The first involves a generally mass insurrectionary or, at least, oppositional character, usually marked by spontaneous mobilization, energy and anger. The sudden ferocity of the Bosnian protests was exemplary of this first overture.

Once the initial episode of militancy subsides, the second phase consists of permanent occupations and blockades of practical and symbolic centres of power—public squares like the Maidan or, in the case of Taiwan, the legislature itself.

In an ideal world, the final step will include both the creation of new establishment actors (e.g. progressive-democratic political parties) and extra-parliamentary forces (e.g. autonomous and organized social movements). This, however, is a lengthy process with the likelihood of setbacks at every juncture, especially in the form of overt foreign-backed ‘counter-revolution’, as in the case of Ukraine.

None of these countries fits perfectly into this timeline and aspects of each episode have a habit of appearing half-formed in earlier moments. Moreover, it is still far too early to offer definitive analyses in any of these cases. Nevertheless, we can so far observe the following: in BiH, we had instances of brief militancy, coupled with spontaneous citizen plena but no lasting occupations, sustained street protests or new political parties. Nor have clearly democratically-inclined establishment actors emerged in Ukraine out of the sustained street violence and occupations. Moreover, the possibility of war has sharply narrowed the ability of genuinely progressive forces to organize against reactionary nationalists.

Meanwhile, the massive crowds assembled by the Taiwanese students have engaged only in peaceful civil disobedience as they have successfully occupied their country’s halls of power. Nevertheless, the intransigence of the ruling Chinese Nationalist Party (KMT), and the ‘spent’ character of the opposition Democratic Progressive Party (DPP) suggests this confrontation is still in only its early days.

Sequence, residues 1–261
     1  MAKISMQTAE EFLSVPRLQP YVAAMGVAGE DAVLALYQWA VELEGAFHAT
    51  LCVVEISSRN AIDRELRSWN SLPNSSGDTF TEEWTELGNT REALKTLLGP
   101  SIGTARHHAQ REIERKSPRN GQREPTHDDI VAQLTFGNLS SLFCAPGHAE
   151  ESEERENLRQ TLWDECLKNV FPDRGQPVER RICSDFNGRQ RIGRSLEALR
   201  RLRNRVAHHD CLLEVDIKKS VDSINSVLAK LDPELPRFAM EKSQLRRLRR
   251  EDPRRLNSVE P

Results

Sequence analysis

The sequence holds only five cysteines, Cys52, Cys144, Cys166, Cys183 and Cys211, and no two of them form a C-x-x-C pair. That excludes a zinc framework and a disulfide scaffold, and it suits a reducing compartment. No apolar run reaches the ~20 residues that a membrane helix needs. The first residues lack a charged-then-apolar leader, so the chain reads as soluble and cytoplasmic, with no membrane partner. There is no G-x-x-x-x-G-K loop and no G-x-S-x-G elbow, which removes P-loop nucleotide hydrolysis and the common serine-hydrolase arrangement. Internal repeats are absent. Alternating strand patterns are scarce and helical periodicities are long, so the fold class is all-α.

We can also begin to draw certain organizational conclusions, however. No democracy can exist where elites do not fear being toppled by the citizens—at the polls or in the streets. Moreover, claiming that democracy means only elections empties the term of its substance and promotes unaccountability and corruption in emerging democratic regimes.

Secondly, the promotion of democratic practices within protest movements is integral to preserving them as genuinely transformative initiatives. Rather than wide-eyed utopianism, the participatory and directly democratic aspects of the plena in BiH and the occupations in Taiwan signal sober political acumen—they are the change they want to see.

Finally, the relationship between numbers and tactics is important. Bodies in the streets are essential as is confrontation with the authorities. But the more violent a movement is, the more polarizing and less democratic it tends to become. As such, street warfare in Kiev promoted the emergence of hierarchic, nationalist militias while non-violent resistance in Taipei has produced and been produced by a network of horizontal working groups.

Democracy has opponents, though, as all three of these movements are discovering. In the coming months, the need for meaningful solidarity campaigns will only grow. Diaspora mobilization while important is not sufficient. Activists in emerging democracies must exchange experiences and support each other across cultural and geographic barriers. Widely accessible digital platforms already provide these connections locally, now they must do so globally. We must help each other as it appears no one else will.


Additional insights into Taiwanese politics and media were provided by Elise Wang of Princeton University.


About the author

Jasmin Mujanović is a PhD candidate at York University and currently a Visiting Scholar at the Harriman Institute at Columbia University. His Twitter handle is @JasminMuj.


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Why does ArcelorMittal hate Bosnia?

Pollution, people and tombstones in Zenica.

Owned by the Indian billionaire Lakshmi Mittal, ArcelorMittal is the world’s largest steel producer—creating some 93 billion USD of revenue as of 2011. Granted, steel is an essential building block of the modern world yet ArcelorMittal’s obscene profit margins do raise the question of “how are you possibly making this much money?”

Turns out, profitability margins are greatly aided by the economic pillaging and environmental destruction of a still-recovering-from-war southeastern European locale: Bosnia-Herzegovina.

The central-Bosnian city of Zenica has for decades been one of the industrial centers of the region. The steel mills in the area, prior to the outbreak of the 1992-1995 war, employed some 25,000 people—a shining beacon of the Yugoslav state’s productive capacities. Today, owned by ArcelorMittal, that number is just over 3000—with the company actually looking to downsize even further, according to local union organizers.